In the Indian running community some are under the impression that this run is intended for foreigners, but it’s not. It’s simply for anyone who fits my criteria. It’s just so happened that a majority so far have been foreigners.
This year I suddenly had 32 participants wanting to run 111km. Five more wanted to run 222km. All Indians. Only two had signed up for 333km. It made me question why I should continue with the event. Running in India is seven-eight years old and runners are trying to rush into doing too much. Most of the times ending up with injuries. Mumbai Marathon has only been on for just over a decade now.
We, as a society, don’t know running well enough yet. I say so because I also have a sports medicine clinic. I see a lot of running injuries just because of trying to do too much too soon. I had decided to call it quits after I got over with this edition. Because I thought we wouldn’t be pushing the human limits anymore.
I was proved wrong.
As much as I am no fan of any ranking system and believe that we are all simply racing ourselves, sometimes we do need to acknowledge some phenomenal achievements. Last year Kieren D’souza, an upcoming Indian ultra runner, shocked the other seasoned ultra runners by finishing the 111km event in 15hrs 30min.
There was a buzz over how someone could run that distance in those conditions. This year we had three Indian Army personnel from Ladakh Scouts not only beat that time but totally annihilate it by covering the distance in 12hrs 32min (Tsering Stobgais), 12hrs 36min (Rigzen Nurbo) and 13hrs 28min (Shabbir Hussain). These are times that can hold their own in the international arena of ultra running.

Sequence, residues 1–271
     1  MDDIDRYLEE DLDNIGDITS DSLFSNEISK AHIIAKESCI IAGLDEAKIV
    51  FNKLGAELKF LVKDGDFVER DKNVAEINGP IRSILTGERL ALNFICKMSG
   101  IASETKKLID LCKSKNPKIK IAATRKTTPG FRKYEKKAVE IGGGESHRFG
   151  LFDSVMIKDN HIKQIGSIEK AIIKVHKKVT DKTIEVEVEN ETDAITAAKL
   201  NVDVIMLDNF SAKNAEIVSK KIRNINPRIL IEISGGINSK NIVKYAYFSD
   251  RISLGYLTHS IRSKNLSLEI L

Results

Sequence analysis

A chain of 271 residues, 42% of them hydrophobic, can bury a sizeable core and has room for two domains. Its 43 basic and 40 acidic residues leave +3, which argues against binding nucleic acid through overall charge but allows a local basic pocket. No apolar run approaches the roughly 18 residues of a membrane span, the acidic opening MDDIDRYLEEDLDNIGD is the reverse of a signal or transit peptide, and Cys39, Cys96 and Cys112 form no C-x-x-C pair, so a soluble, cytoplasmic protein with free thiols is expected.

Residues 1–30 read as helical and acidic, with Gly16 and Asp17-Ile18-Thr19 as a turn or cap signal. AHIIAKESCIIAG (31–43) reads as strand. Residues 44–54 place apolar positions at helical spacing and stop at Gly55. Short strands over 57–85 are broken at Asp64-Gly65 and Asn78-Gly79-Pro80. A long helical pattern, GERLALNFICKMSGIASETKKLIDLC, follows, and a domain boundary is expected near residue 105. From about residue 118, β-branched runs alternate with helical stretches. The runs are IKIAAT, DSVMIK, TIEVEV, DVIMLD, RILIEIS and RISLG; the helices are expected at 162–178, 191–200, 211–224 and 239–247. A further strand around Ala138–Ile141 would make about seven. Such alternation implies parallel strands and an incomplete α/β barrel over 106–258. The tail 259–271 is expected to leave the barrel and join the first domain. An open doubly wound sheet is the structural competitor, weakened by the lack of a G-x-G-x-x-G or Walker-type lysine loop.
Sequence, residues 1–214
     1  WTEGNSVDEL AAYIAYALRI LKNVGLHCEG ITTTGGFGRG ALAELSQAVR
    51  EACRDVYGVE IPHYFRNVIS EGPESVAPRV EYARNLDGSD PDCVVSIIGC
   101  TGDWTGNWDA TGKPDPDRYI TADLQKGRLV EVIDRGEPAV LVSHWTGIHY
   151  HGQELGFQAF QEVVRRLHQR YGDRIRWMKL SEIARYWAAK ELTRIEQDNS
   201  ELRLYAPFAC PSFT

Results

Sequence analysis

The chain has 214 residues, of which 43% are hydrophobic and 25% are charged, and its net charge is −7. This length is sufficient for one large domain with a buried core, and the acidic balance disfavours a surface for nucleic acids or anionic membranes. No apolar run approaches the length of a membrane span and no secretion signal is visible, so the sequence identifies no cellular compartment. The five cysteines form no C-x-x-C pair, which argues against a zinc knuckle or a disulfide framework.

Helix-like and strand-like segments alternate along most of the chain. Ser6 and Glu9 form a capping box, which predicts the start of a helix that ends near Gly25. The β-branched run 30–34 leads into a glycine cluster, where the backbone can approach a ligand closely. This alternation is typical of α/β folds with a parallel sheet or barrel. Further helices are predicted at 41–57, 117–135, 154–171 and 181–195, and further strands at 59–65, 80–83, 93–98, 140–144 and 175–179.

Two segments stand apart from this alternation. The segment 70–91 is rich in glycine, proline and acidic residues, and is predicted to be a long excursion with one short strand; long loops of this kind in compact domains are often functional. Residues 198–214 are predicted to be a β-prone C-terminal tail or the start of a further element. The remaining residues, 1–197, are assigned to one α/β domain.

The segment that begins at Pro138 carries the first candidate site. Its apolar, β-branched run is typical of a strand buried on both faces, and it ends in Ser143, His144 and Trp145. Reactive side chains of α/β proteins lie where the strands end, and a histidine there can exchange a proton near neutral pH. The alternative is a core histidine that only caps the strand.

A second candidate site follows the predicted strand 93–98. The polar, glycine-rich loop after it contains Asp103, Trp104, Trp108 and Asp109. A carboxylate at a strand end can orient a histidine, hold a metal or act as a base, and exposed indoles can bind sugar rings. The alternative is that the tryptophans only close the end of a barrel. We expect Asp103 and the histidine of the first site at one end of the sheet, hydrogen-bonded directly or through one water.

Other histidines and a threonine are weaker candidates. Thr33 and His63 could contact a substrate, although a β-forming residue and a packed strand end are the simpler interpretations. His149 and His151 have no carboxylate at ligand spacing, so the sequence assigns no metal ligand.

The icing on the cake was when 17-year-old Jyotsana Rawat, at an age when participants aren’t even allowed to run a marathon, finished the same distance in 19hrs 46min. She was accompanied by her 54-year-old father Yashwant Singh Rawat.
Before the race there were a couple of participants who had high blood pressure or low saturated oxygen levels, which would have made any sensible doctor not let them start, but then again, no sensible doctor would let this race ever start.
The problem is that in medical colleges we aren’t taught about how far we can get but about how soon to stop.
We are experts in illness and sickness, not in health or performance. These participants finished with amazing times. As they said at the finish line, it is about the body, mind and emotions working in sync, and they managed to do just that and more. They stayed humble throughout, because without that they couldn’t have crossed the massive Himalayas.
Twenty runners from around the country, out of 32 who started, finished the 111km distance in the allotted time of 20 hours. More importantly, only one civilian participant didn’t get to the finish line. A phenomenal feat for the Indian ultra running fraternity.
Amit Kumar Chaudhary became the first Indian to get to the finish line of 222km in 38hrs 20min, no mean feat. Lt. Amit Kumar and Cdr. Sunil Handa, Indian Navy officers, made it in 43hrs 28min and 46hrs 21min respectively. Raj Vadgama, a seasoned ultra runner, finished in 47hrs 20min. Matthew Maday was the lone finisher for 333km in 69 hrs 45 min.
I am so glad I was proved wrong. Indian society has come of age. At the end of the day, runners are representative of the society. Like running in India, the Indian society is changing for good at a far faster pacer than even the most optimistic folks would imagine. But we need to give it a chance. Rather than being pessimistic about it. No, we are not trying to catch up with anyone. We simply are running our own race.
Dr Rajat Chauhan, a student of Pain and Running